Evaluation of anticonvulsant activity of methanol leaf extract of Hymenocardia acida, Tul (Euphorbiaceae) in laboratory animals
Hymenocardia acida is a plant used in African folkloric medicine in the treatment of headache, rheumatic pain, sickle cell crisis, malaria, epilepsy and cancer. This study was aimed at investigating the anticonvulsant potential of the methanol leaf extract of H. acida (MLEHA) in chicks and mice. Preliminary phytochemical screening and acute toxicity studies of the MLEHA were conducted using standard methods. Anticonvulsant studies were conducted on the extract using maximal electroshock test (MEST) in chicks and pentylene tetrazole induced-seizures (PTZ) in mice. The phytochemical screening revealed the presence of terpenoids, tannins, saponins, alkaloids, anthraquinones, carbohydrates, cardiac glycosides and flavonoids. In addition, the oral median lethal dose (LD50) of the extract in mice was found to be greater than 5000 mg/kg. The extract at doses of 150, 300 and 600 mg/kg did not exhibit significant effect on the mean recovery time in MEST as none of the chicks was protected. However, the extract at the dose of 150 mg/kg produced a significant (p<0.05) increase in mean onset of seizures induced by PTZ, and dose independently protected the mice. In conclusion, the results of the study suggest that the methanol leaf extract of H. acida contains bioactive compounds that possess anticonvulsant activity, thus, providing scientific rationale for the plant’s ethno-medicinal use in the management of epilepsy.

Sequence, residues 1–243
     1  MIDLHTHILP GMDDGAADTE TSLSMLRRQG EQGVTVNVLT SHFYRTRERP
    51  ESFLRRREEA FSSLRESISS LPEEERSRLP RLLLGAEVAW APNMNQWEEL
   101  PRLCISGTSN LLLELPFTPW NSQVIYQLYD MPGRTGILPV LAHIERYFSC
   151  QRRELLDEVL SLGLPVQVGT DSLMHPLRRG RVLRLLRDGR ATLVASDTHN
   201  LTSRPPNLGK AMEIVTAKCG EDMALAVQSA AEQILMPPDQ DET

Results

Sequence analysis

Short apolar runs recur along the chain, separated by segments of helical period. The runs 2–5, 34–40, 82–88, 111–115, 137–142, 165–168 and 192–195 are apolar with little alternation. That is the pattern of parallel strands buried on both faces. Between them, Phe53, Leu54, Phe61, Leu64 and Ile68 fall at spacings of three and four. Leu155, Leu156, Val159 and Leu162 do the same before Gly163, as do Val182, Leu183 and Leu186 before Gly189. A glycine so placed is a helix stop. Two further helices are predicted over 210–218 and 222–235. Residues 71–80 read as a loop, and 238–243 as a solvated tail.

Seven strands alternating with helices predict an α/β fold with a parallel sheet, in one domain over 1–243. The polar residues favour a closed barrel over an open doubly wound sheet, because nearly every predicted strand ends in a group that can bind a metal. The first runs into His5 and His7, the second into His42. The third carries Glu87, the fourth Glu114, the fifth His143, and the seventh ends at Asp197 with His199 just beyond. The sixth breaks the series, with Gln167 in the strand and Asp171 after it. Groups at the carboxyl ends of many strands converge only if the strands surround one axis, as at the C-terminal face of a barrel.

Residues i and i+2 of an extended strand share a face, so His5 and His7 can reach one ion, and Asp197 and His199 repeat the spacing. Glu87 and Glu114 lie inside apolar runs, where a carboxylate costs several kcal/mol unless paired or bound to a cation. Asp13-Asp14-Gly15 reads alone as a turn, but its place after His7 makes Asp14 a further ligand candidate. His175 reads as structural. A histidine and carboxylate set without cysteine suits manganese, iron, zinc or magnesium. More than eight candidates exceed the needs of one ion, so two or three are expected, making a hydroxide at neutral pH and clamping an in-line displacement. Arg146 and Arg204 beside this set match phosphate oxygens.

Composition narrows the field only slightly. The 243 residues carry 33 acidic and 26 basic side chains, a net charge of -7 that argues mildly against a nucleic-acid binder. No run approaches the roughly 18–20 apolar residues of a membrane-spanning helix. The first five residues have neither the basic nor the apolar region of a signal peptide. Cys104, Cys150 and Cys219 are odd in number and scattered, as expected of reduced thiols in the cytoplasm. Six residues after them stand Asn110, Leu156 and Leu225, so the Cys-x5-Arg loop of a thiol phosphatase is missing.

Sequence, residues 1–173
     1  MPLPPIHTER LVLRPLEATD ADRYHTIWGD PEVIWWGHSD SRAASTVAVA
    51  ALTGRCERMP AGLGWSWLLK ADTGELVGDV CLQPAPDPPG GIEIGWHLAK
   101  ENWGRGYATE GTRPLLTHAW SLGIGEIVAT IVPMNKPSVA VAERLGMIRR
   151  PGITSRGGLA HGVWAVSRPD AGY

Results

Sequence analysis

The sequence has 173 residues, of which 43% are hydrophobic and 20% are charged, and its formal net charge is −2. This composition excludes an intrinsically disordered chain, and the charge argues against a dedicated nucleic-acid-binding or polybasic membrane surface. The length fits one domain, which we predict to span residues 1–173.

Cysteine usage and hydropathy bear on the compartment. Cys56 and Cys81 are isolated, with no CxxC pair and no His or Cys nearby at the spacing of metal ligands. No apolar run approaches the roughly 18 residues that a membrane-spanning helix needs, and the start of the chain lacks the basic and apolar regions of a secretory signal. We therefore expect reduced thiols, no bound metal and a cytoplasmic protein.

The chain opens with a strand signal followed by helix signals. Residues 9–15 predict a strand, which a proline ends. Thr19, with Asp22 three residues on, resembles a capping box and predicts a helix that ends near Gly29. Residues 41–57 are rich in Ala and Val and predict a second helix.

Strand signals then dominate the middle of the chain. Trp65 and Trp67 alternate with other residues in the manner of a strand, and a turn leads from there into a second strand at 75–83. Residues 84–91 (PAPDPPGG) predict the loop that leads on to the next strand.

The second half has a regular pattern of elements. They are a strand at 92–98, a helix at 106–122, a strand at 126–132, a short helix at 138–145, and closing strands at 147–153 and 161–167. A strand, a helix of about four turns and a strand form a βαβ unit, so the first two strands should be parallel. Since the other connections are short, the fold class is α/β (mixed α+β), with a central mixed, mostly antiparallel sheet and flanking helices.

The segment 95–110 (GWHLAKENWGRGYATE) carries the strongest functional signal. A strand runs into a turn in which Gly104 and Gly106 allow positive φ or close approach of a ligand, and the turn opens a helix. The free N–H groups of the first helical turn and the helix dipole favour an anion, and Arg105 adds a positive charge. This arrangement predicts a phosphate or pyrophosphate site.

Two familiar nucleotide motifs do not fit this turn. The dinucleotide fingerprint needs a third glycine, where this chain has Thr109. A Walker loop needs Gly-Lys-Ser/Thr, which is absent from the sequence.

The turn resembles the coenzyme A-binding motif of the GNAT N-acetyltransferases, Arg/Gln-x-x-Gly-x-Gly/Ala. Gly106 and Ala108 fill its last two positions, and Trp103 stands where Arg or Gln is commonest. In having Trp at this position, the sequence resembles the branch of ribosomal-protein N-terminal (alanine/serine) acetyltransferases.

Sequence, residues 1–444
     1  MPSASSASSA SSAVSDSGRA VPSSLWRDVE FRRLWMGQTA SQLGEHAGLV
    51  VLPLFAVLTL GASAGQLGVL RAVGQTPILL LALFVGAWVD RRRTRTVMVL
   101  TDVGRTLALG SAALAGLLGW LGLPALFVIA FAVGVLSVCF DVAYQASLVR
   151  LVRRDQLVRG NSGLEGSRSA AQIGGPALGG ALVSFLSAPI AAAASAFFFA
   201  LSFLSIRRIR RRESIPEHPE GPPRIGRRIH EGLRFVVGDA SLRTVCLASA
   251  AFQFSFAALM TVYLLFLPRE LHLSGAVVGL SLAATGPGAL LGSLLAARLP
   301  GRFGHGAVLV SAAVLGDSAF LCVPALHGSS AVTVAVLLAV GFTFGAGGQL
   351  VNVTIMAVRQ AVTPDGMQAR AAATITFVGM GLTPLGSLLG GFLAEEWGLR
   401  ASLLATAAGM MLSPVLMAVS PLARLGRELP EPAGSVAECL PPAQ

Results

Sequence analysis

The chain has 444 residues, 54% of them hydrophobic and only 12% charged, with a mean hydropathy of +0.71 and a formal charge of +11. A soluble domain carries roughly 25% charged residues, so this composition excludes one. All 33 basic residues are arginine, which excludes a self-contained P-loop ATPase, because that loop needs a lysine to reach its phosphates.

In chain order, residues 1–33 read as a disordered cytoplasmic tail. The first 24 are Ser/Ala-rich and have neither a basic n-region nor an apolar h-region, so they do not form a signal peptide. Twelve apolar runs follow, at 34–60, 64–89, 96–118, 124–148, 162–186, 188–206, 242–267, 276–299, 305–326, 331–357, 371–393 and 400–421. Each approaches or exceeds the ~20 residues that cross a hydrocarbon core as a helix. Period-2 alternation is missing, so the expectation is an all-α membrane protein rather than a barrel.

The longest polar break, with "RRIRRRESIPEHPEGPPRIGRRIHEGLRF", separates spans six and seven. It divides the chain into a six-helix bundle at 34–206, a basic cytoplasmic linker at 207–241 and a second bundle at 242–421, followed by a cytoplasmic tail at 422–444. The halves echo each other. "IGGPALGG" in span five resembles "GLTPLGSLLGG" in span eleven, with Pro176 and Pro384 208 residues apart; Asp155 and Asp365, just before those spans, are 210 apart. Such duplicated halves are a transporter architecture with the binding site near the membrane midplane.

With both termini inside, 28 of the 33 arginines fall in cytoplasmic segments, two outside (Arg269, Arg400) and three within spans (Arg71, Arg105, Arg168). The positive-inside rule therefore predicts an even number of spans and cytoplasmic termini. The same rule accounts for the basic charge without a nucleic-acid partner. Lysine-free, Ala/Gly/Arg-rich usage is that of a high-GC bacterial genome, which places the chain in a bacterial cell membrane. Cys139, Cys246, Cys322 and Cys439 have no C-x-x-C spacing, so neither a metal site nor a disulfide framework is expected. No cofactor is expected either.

Keywords: Anticonvulsant, Epilepsy, Hymenocardia acida, Pentylene tetrazole